See the best of TMA’s past exhibits and archival collection: “Greatest Hits from the History of Medicine Gallery & Archives” showcases some TMA history and our past public health initiatives, and reprises the coolest exhibit highlights and artifacts, including an iron lung used for artificial respiration in polio patients.
The exhibit is free and open to the public. Gallery hours are 8:15 am-5:15 pm M-F.
Share a story of Texas Medical History. A generous grant from the TMA Foundation has allowed TMA to reproduce several popular exhibits from the TMA History of Medicine Gallery in Austin. Check out our three new videos. Women in Texas MedicineLearn more about Texas women physicians who refused to let prejudice and societal limitations curtail their passion for medicineCourage and Determination: A History of African American PhysiciansFrom ancient Egypt through modern Texas history, learn more about the many contributions Black people have made in the field of medicine.Stamping Out Disease - A History of Infectious DiseasesLearn more about the history of infectious diseases and vaccination successes.
TMA invites you, your patients, your practice, and public institutions across Texas to travel through medical history. Choose from a collection of educational banners and short videos to inspire and engage your local community – all exhibits are listed below.
Banner production and roundtrip shipping costs are posssible thanks to a generous grant from the TMA Foundation. Each colorful, museum-quality banner measures approximately 6 x 3 feet with a retractable stands – making assembly easy. Call the TMA Knowledge Center at (800) 880-7955 for reservations.
TMA History of Medicine Exhibit Banners are funded by the TMA Foundation.
Travel from ancient Egypt through modern Texas history to learn more about the many contributions Black people have made in the field of medicine.
Courage and Determination: Banner 1
Courage and Determination: Banner 2
Courage and Determination: Banner 3
The Art of Observation is a richly explored history of medical illustration from the Classical Era to present. In addition to lush, colorful images, the banners retrace how artists experimented with new mediums in their quest to gain greater insight into the inner workings of the human body.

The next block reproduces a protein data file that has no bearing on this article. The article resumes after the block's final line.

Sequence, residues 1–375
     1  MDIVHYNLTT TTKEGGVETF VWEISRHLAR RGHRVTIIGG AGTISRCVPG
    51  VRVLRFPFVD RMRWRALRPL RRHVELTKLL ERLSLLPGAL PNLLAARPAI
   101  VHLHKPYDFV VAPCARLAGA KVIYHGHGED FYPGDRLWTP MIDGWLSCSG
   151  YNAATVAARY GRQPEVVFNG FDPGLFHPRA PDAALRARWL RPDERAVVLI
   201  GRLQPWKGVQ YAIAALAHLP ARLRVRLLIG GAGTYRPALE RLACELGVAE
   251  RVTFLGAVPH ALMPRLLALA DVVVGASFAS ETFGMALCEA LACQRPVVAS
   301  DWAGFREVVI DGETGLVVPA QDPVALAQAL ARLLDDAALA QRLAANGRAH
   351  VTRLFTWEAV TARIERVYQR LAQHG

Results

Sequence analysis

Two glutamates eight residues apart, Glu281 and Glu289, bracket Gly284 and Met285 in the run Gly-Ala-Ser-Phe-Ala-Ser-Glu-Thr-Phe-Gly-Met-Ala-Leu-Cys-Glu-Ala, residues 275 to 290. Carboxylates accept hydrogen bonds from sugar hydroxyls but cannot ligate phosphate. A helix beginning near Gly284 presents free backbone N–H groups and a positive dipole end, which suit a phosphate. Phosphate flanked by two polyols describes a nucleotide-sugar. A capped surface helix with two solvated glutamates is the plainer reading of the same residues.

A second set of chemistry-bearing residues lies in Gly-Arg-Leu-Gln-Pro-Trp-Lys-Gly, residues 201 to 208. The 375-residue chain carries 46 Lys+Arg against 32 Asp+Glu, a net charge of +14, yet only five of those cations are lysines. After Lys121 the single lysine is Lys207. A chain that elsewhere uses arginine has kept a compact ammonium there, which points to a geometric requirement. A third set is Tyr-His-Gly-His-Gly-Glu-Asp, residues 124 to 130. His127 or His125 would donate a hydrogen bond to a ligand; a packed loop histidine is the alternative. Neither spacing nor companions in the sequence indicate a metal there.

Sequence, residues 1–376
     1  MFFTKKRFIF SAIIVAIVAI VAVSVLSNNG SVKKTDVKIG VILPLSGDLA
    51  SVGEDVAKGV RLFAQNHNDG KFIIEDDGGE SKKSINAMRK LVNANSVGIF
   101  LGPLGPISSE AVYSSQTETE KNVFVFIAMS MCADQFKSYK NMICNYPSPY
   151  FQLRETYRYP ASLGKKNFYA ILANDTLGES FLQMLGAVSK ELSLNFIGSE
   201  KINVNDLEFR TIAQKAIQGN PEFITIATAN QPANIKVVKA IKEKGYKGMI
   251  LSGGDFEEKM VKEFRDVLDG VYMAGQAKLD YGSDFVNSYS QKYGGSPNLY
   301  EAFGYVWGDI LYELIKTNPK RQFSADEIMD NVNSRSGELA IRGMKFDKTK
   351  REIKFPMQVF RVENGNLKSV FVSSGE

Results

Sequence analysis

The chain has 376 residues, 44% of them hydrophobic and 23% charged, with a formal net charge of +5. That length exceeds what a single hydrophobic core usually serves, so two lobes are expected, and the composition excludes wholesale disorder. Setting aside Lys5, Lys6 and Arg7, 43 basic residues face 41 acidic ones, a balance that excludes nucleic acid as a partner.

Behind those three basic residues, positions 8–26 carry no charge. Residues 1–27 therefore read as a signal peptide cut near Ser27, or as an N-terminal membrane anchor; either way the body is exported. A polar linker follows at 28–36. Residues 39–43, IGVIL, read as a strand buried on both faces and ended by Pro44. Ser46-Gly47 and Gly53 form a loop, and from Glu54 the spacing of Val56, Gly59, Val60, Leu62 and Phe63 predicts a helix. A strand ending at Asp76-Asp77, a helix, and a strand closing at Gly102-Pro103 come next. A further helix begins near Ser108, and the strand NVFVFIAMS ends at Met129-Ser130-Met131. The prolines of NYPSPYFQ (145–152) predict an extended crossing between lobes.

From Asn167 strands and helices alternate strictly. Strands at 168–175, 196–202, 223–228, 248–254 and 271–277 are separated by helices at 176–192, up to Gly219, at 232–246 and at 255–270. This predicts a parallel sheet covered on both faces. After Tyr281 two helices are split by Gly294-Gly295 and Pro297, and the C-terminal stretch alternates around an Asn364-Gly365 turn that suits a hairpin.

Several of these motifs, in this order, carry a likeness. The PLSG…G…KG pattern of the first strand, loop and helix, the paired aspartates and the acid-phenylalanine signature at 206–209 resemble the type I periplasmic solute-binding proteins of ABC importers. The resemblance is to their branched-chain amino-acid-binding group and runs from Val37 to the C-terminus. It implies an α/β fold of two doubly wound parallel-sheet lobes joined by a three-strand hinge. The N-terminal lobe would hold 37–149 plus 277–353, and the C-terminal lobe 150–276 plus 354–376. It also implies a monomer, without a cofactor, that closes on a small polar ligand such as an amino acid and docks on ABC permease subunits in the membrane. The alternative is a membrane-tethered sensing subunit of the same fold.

The Art of Observation: Banner 1
The Art of Observation: Banner 2
The Art of Observation: Banner 3
Deep Roots: From Plants to Prescriptions is a colorful three banner series providing a fascinating history of botanical medicine and its earliest origins to its modern day applications in the pharmaceutical industry.
Plants as Medicine: A Long and Ancient History: Banner 1
The Early Modern Era: Banner 2
The Pharmaceutical Era: Banner 3
This three-banner set recounts major shifts in the perception of disability from ancient beliefs and methods of accommodation to the 20th-century struggle for disability equity. The banners explore changing depictions of disability through a variety of historical images, including stamps from the Clare W. Cozard and Kurt Lekisch, MD, collections in the Texas Medical Association archives.
Early History: Banner 1
Middle Ages: Banner 2
20th Century: Banner 3
Explore an extended collection of exhibits presented by the TMA History of Medicine Committee and made possible by a generous grant from the TMA Foundation. These educational banners are also available for display.
This summer marks the 50th anniversary of America’s Apollo 11 Lunar Mission – the first time humans set foot on the moon. Texas cardiologist Lawrence E. Lamb, MD's memoir recounts the essential role physicians played in that pivotal space race.
A Texas Physician's Role in Space Race Medicine
During World War I, May Agness Hopkins, MD, of Austin answered the call to battlefield medicine despite limitations on women of her generation. The war experience also helped this pediatrician break barriers stateside.
Read the Women in Medicine story in Texas Medicine.